2. A boom stand.  I got a relatively cheap boom stand from Tiger Stands however despite the cheap price this turned out to be a really solid piece of kit.  Fully extended this can raise the mics at least 3m up.  Ideally I’d like them a little higher, but that would require a more expensive stand, which would also have to have a larger footprint.  This stand doesn’t completely fill the aisle and even fully extended the stand seems to be pretty stable.
  3. A stereo microphone mount.  I spent a while looking for this.  There are some ridiculously expensive mounts around for creating a stereo pair of microphones.  In the end I went for this simple mount from a site which mostly seems to see old records.  For less than £5 I have a perfectly good stereo mount.  The clips for the actual microphones were supplied with the NT5s.
  4. A long power extension cord (10m) since often the nearest powerpoint is further away from the aisle than you’d like.  I’m thinking about carrying a second extension as I’ve already had a close shave where the 10m was only just long enough.  Some churches don’t have a wide selection of power points available!
  5. A power adapter for the DR-100 so I can run it continuously without having to worry about the battery.  If anything happens to the power the unit will run without power for at least 30 mins, and this could be extended futher if I were to put in an external battery to the DR-100.
  6. A pair of headphones.  I have a relatively cheap pair of Sennheiser HD-201 headphones which have proved to be fine for monitoring the recording setup.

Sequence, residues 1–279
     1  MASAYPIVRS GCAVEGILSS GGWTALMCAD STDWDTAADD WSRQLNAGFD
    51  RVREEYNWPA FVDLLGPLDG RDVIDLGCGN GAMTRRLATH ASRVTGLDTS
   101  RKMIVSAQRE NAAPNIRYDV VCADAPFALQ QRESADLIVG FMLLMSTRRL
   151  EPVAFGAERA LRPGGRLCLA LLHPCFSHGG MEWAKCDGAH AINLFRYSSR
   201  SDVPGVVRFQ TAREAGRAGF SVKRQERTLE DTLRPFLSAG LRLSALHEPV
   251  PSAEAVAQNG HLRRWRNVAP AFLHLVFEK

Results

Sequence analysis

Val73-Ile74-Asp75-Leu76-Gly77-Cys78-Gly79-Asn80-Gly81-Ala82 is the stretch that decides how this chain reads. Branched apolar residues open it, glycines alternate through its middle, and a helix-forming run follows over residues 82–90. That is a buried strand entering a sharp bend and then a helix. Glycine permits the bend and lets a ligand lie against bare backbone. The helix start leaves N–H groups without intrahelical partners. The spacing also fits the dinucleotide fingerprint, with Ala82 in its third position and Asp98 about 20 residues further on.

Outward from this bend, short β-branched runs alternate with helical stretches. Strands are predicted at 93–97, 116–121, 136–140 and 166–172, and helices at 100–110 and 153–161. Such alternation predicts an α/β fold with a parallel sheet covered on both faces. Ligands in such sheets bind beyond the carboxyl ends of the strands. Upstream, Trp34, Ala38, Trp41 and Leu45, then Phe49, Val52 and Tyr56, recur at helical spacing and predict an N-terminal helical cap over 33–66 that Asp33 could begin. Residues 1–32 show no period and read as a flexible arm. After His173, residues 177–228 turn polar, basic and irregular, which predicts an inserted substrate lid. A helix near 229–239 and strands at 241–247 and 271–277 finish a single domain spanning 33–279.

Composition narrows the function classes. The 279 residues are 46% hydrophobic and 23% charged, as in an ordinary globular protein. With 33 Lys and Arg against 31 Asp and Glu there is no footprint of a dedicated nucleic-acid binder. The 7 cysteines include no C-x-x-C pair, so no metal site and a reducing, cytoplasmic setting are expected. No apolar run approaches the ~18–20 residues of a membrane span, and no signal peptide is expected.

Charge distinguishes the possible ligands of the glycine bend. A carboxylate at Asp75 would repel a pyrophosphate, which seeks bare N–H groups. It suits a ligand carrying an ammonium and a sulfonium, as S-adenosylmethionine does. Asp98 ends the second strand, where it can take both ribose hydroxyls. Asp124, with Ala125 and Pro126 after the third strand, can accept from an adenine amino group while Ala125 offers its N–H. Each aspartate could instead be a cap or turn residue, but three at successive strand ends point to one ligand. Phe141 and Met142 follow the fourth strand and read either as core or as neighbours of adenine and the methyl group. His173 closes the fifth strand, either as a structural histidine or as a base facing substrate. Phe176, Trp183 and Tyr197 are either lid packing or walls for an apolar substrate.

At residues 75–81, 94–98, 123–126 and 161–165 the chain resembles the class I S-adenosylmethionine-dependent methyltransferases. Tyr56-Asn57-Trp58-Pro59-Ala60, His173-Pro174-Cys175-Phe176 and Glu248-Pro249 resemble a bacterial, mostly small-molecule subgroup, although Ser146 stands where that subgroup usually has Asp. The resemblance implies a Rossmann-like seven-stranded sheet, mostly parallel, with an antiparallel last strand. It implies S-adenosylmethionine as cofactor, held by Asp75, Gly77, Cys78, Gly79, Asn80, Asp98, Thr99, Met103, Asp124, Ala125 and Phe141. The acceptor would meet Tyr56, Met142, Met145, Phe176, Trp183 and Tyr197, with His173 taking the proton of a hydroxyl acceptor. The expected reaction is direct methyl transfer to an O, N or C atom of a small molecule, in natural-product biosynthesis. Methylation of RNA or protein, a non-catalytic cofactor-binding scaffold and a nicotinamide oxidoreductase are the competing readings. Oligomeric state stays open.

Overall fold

7. A small study plastic box in which I can keep sundry items such as the remote control and USB cable for the DR-100, spare SD cards and that kind of stuff.

I wanted to have a case which I could use to store the recording gear and which could also be used to house the gear during a concert.  Since this was likely to be too specialised to purchase I ended up making one.  The case is about 60cm x 60cm x 15cm.  It’s pretty sturdy – so much so that you can stand on it without problem.  The inside is split into two compartments, the rear compartment is left blank and is used for cables, the stereo mount and anything else which isn’t fragile.  The front compartment will be filled with foam containing cutouts for the recorder, headphones and microphones.

Flight case set out for transport

Flight case packed for transport

Case laid out for recording

Flight case laid out in recording configuration

The case has cutouts at the back which allow power and XLR cables to pass into it.  The case can be padlocked shut, and can be left like that whilst recording so it can be relatively safely left unattended during a concert.  The security is only superficial, but it’s enough to stop people tampering with the equipment out of curiosity.  Finally the case has a handle on the side, so I can leave everything in place so I just need to grab the case and the boom stand and I’m good to go.

Whole recording setup in situ

Whole recording setup in situ

There are a couple of additional items I want to add to the setup.

  1. Some rubber cable covers to place over exposed cables to stop people tripping over them
  2. Gaffer tape – because you never know what you need to stick down
  3. Some kind of case for SD cards so I can keep track of which recordings are on which cards


After I’ve done on the on-site recording I am not trying to do any complicated mixing.  Post processing consists only of sorting out levels, adjusting the equalisation and splitting the recording into tracks.  For these simple processes I’m using Audacity on a Mac which seems to fit the bill very well.


In total I reckon the setup I’ve created has cost me around £900, which is a bit more than I set out to spend, but I now have a simple and yet versatile setup which is suitable to record a number of different types of event.  I shall make regular use of this so the investment will hopefully be worth it.  Also the quality of the recordings is such that I can make CDs from them, which will hopefully allow me to raise some money for the groups with which I play.


Published:February 6, 2011